Why Social Responsibility Matters to Businesses

Companies are increasingly ramping up their focus on social responsibility, whether its championing women’s rights, protecting the environment, or attempting to obliterate poverty, on local, national, or global levels. From an optics perspective, socially responsible companies project more attractive images to both consumers and shareholders alike, which serves to positively affect their bottom lines.

Key Takeaways

  • Being a socially responsible company can bolster a company's image and build its brand.
  • Social responsibility empowers employees to leverage the corporate resources at their disposal to do good.
  • Formal corporate social responsibility programs can boost employee morale and lead to greater productivity in the workforce.

Corporate Social Responsibility (CSR) Definition

Customers Matter

Embracing socially responsible policies goes a long way towards attracting and retaining customers, which is essential to a company’s long-term success. Furthermore, many individuals will gladly pay a premium for goods, knowing that part of the profits will be channeled towards social causes near and dear to them.

Companies can likewise witness increased foot traffic if they enhance the local community. For example, banks that dispense loans to low-income households are apt to see an uptick in business, as a direct result.

Other Key Practices

Socially responsible companies tend to attract employees who are eager to make a difference in the world—in addition to simply collecting a paycheck. With large companies, there is strength in numbers, where collective employee efforts can achieve substantial results, which increases workplace morale and boosts productivity.

Community-oriented companies often enjoy a leg up on their competition, as well, thanks to superior brand imaging. For example, Tesla Inc. (TSLA) CEO Elon Musk has successfully attracted environmentally-minded consumers, with his line of cutting edge electric-powered cars and green automotive products.

Examples of Corporate Social Responsibility

Coca-Cola Company (KO)

In 2010, Coca-Cola started the 5by20 initiative to empower women across the globe. The company stated:

Through 5by20 programs around the world, we equip women entrepreneurs to overcome social and economic barriers by providing business skills training, access to financial services and assets, and connections with peers and mentors. The women participating in 5by20 work in roles across our value chain, including retailers, suppliers, producers, artisans and more.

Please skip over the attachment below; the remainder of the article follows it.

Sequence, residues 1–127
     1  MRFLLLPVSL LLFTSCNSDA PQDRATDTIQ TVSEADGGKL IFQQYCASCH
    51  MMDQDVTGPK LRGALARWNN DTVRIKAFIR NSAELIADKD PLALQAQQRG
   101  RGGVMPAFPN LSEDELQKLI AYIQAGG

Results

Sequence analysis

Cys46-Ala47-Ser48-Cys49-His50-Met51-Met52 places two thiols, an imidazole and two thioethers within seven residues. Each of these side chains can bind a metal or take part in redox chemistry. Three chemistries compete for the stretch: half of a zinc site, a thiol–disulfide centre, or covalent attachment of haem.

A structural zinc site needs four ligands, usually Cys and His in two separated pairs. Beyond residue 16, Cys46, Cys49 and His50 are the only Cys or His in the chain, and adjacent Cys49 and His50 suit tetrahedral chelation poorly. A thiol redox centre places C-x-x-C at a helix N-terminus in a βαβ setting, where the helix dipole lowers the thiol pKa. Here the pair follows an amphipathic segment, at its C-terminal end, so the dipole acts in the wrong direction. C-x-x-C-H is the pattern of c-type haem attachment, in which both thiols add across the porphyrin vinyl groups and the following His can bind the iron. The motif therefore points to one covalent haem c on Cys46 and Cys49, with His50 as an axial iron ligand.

Visa Inc. (V)

Through its Financial Inclusion program, Visa has developed innovative ways of bringing digital cash to places in the world where the financial infrastructure doesn't exist or for people who don't have access to the financial system, like residents of many developing countries. The company stated:

Today, about half the adult world lives in the informal economy, dealing exclusively in cash. To be one of these estimated two billion people is to face financial barriers that make life risky, expensive and inefficient. Financial Inclusion helps put people on a path out of poverty, creates productive, empowered citizens, fosters business opportunities and fuels economic growth.

The Bottom Line

Socially responsible companies cultivate positive brand recognition, increase customer loyalty, and attract top-tier employees. These elements among the keys to achieving increased profitability and long-term financial success.

Article Sources

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  1. Tesla. "Elon Musk." Accessed May 3, 2021.

  2. The Coca-Cola Company. "5by20: What We're Doing." Accessed May 3, 2021.

  3. Coca-Cola. "How Coca-Cola Empowers Women Entrepreneurs." Accessed May 3, 2021.

  4. Visa. "Financial Inclusion." Accessed May 3, 2021.